Buying your first home is an exciting step in your life–a step that signifies you are financially stable, have a solid income and are ready to take on permanent housing. Whether you’re moving from your parent’s home or an apartment, buying your first home may be a taste of freedom and responsibility that you’ve been craving. One thing is for sure: you will receive plenty of advice from family members, friends, co-workers and probably even your realtor but it’s important to keep your particular circumstances in mind and weigh all the factors before you make this important decision.
The main variables to consider when you’re buying your first home include your lifestyle and location, privacy, the rules of ownership you will have to abide by, maintenance costs and the financial impact of your decision. Adding up pros and cons in writing can be a great way to review and make a balanced decision–and it might even provide you with some strong talking points that you can share with well-meaning parents!
Lifestyle and Location
Younger singles, couples and families are often at the height of their career, making it important to be close to work, schools and activities. You’ll often find better schools and a more exciting array of options closer to major cities–which is where you are more likely to find a condo or townhome. If you won’t be spending a great deal of time at your house, it may not be important to have a large yard which puts several points in favor of condos and townhomes as well. It’s important to keep in mind how long you plan to live in the home as well. If you only plan to be there a few years before moving to a home with more land or in a different location, buying a less-expensive townhome that could be quickly sold would be critical.
Privacy is a tricky topic–incredibly important to some people, while others are not as concerned with whether or not their nosy neighbors can peer in their windows. If you do have concerns about noise, townhomes and condos may be a bit more challenging to consider. Condos especially are more like an expensive long-term apartment than a home, while townhouses tend to be larger and have better sound-proofing and function more like a standalone home. If keeping your neighbors at bay is the most relevant consideration, then a single family home with some land is your best option.
Rules of Ownership
Condo and townhome associations can be pretty strict, and control nearly every aspect of your purchase from where you can park your vehicle to whether or not you can barbeque on the deck. While buying a traditional home can sound like the best option for personal control, keep in mind that having a townhouse or condo also likely means that you’ll have access to special amenities such as a pool, clubhouse or fitness facility.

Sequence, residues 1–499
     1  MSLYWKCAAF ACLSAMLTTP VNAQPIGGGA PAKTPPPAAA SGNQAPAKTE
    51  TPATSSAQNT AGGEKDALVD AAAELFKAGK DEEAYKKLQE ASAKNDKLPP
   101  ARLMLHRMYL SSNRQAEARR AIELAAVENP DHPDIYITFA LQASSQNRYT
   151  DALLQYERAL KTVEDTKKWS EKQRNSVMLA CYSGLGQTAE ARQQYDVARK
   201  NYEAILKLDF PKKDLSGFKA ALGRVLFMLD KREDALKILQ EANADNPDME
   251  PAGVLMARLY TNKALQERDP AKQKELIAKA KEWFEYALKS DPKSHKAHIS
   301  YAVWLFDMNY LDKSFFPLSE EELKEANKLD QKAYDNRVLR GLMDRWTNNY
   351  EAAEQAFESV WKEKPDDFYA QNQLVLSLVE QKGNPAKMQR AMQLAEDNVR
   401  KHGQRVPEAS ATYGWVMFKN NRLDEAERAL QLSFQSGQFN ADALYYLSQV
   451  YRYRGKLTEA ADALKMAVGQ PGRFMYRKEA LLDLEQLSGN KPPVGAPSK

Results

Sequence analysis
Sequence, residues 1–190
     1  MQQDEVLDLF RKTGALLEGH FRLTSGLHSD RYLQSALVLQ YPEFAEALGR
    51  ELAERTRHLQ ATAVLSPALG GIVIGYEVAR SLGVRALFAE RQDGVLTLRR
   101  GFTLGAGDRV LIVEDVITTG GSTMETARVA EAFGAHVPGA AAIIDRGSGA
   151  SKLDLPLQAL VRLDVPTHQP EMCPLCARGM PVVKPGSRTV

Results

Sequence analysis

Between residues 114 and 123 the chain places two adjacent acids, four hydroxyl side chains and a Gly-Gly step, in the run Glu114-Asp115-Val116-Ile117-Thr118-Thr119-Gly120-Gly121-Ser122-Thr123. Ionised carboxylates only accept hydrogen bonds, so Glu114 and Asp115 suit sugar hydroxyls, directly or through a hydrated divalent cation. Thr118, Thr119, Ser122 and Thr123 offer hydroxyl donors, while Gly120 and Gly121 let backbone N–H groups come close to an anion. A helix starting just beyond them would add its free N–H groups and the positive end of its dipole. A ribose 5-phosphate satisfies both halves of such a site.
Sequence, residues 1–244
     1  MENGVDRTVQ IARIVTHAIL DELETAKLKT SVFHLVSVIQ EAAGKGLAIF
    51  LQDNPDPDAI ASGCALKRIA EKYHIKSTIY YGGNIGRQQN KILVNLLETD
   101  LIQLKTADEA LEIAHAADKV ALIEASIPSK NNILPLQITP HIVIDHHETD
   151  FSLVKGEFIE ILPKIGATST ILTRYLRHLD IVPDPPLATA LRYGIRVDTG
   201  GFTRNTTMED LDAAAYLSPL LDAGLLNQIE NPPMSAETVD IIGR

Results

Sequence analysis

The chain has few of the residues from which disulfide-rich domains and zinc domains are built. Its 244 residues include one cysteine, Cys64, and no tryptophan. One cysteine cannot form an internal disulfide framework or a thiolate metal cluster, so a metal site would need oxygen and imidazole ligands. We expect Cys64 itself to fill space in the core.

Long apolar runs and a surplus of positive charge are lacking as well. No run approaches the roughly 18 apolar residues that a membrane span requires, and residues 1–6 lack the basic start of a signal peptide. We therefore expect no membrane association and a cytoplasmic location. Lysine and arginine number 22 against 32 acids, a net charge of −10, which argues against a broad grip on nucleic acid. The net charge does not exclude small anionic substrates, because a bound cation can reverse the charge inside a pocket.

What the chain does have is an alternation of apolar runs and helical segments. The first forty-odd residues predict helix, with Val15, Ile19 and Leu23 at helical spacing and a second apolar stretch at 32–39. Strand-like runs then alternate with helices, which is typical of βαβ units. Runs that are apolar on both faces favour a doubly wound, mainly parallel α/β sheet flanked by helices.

Maintenance Time and Costs
Buying a home of your own requires a fair amount of handyman skills as you will encounter everything from pipes that could freeze and burst to lawns that need to be mowed and the potential of things like termites, ants and spiders–there is always plenty of excitement! Townhomes and condos often win out for busy professionals as maintenance is generally included in the contracts and you won’t need to purchase tools and gear. Having a maintenance contract is also a huge bonus if you travel a lot.
One of the main reasons people decide to move from an apartment into a home is because they are frustrated with paying high monthly rent but never gaining any purchase equity. Depending on your personal financial situation, purchasing a home may put unnecessary financial stress on your family with the addition of property taxes, private mortgage insurance and the higher overall purchase price. That said, condo and townhouse owners may be subject to additional homeowner’s association fees to pay for the amenities and you may have little control over how much the fees go up each year.
You might also find the bank becoming a bit more interested in your finances if you’re purchasing a home as the purchase price causes the bank to make a larger down payment and also may subject you to a full financial review. In general, the larger the down payment you can afford to make, the better.
No matter which type of home you choose, buying your first home is an experience you will always remember. Rank each factor in order of importance, and (if you’re feeling really fancy) add a weight and let mathematics make your decision for you. While that can certainly help you get a general idea of which option would be better, the practice of writing out what’s important will help you think through the decision thoroughly so you will have no regrets once it is made. Buying a townhouse is a balanced option that gives you the best of both worlds: a lower mortgage payment, more privacy, some maintenance support and great locations.
When you’re ready to start looking, you’ll find that the Bobois neighborhood is located near one of the largest Montreal urban community parks and offers many of the same amenities as owning your own home such as beautiful nature trails, playgrounds and bicycle paths. Make a reservation to learn more today!